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Optometry & Vision Science

This guide is intended as a starting point for finding Library resources for Optometry study and research​

Evidence based practice

Levels of evidence:

The most efficient sources are those resources that contain pre-appraised summaries of individual studies, or syntheses of all available studies, on focused clinical topics. They may also include an assessment of the current state of the evidence in an area of clinical interest. 

The lowest evidence resources are those that are completely unappraised, these are mostly the large number of individual primary studies. Each of these studies must be personally critically appraised for its applicability to a specific clinical scenario.  

  1. Guidelines
    These are online evidence summaries which are regularly updated as new evidence is generated and appraised. Conceptually similar to traditional textbooks in that they are usually arranged by clinical topic (e.g. diabetes, heart failure) for the purpose of patient management. Examples include point-of-care tools UpToDate and Best Practice, as well as evidence-based clinical practice guidelines.
  2. Systematic Reviews
    These resources contextualise and integrate the research findings of individual studies within the larger body of knowledge of the topic. These include systematic reviews (such as those produced by the Cochrane Collaboration), the published results from consensus conferences or expert panels, meta-analyses of quantitative research, meta-syntheses of qualitative research, and critically appraised topics (CATs).  
  3. Evidence Summaries
    Short structured abstracts of individual studies (or syntheses). They provide a brief summary and critical appraisal of a piece of research or a topic, sometimes making recommendations for practice based on the study's quality or findings. In doing so they relieve the clinician of having to read the original articles and make their own judgment of its methodological quality and implications for practice
  4. Studies
    If none of the foregoing sources can provide an answer to your question, you'll need to go to the vast body of individual studies to seek evidence. This can be a time-consuming, frustrating experience if you don't know the basics of searching or the most efficient resources to use. The resources with the greatest prevalence of peer-reviewed research literature in your field should be your starting point. This should include Medline, PubMed, Embase (only available via Scopus at Flinders University) and the Cochrane Central Register of Controlled Trials (CENTRAL).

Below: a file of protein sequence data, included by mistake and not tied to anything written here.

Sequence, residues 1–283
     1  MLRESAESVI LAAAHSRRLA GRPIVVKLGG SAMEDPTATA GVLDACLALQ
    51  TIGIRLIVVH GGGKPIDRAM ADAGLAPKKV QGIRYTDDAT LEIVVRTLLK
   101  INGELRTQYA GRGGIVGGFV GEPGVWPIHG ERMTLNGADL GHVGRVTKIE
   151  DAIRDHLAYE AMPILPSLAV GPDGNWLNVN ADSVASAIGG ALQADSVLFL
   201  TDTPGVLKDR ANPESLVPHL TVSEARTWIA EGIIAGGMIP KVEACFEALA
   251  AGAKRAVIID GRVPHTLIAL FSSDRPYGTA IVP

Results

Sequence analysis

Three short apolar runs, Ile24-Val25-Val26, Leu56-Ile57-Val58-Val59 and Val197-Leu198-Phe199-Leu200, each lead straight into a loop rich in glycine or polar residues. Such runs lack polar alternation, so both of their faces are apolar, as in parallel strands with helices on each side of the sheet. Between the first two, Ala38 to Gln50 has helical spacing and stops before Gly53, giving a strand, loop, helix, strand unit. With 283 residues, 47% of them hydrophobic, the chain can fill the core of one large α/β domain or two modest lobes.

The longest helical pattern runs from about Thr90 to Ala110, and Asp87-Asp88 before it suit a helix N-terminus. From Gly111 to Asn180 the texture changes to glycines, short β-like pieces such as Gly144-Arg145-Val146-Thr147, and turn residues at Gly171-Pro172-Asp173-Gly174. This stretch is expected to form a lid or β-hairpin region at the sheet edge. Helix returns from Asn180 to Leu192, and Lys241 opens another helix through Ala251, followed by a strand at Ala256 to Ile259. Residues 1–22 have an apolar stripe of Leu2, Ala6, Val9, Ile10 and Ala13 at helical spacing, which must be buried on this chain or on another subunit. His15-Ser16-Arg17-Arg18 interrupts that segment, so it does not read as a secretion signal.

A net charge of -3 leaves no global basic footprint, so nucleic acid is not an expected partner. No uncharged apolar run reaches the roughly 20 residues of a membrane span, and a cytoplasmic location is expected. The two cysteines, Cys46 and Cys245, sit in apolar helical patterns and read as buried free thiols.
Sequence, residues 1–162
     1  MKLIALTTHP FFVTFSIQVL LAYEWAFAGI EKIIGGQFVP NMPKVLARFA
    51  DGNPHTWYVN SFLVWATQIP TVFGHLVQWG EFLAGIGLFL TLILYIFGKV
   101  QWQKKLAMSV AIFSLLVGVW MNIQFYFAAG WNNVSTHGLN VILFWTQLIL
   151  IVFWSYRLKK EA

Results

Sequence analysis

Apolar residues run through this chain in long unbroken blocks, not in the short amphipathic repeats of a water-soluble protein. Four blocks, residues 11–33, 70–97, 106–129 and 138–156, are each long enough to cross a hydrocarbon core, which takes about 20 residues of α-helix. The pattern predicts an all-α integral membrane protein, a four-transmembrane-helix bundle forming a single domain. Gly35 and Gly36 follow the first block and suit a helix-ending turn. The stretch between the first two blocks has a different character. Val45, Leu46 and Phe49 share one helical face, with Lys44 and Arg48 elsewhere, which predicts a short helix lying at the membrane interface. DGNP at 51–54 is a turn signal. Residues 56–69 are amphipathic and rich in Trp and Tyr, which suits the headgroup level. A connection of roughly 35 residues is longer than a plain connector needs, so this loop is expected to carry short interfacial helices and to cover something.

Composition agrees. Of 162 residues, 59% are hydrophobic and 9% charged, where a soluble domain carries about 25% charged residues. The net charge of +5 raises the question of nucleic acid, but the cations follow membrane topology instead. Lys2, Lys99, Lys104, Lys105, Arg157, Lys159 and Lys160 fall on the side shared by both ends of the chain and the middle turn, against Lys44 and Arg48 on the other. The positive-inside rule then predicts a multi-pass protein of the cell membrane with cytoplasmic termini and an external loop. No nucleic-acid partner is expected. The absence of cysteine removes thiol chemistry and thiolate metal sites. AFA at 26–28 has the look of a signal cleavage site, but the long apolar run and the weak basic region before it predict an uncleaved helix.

Work through the tabs above to find evidence for your topic, starting at Guidelines and ending with Studies

Meta-searches:

Meta-Searches search for evidence across multiple resources.  These tools return information from all levels of evidence.

What is evidence-based practice?

Evidence-based practice (EBP) is 'the conscientious, explicit, and judicious use of current best evidence in making decisions about the care of individual patients' [1].

EBP integrates: 

  • The best available research evidence,
  • Clinical expertise, and
  • Patient preferences, values, concerns and expectations [2].

1. Sackett DL, Rosenberg WMC, Gray JAM, Haynes RB, Richardson WS. Evidence based medicine: what it is and what it isn'tBMJ. 1996; 312:71

2. Straus SE, Glasziou P, Richardson WS, Haynes RB. Evidence-based medicine: how to practice and teach it. 4th ed. Edinburgh: Churchill Livingstone Elsevier; 2011. 293 p.

EBP provides a structured process for finding answers to clinical questions with maximum efficiency.

The established steps to EBP are:

  1. Ask a question
    Convert an information need into an answerable clinical question
  2. Access the research literature
    Use specialised EBP resources and/or reputable databases to find the best available research evidence to answer that question
  3. Appraise the research articles found
    Critically assess the validity and applicability of each study found
  4. Apply the research
    Integrate the research into practice. Combine it with patient values, circumstances and your own clinical expertise.
  5. Audit the outcomes
    Evaluate the effectiveness and efficiency of steps 1-4. What might you do differently next time?
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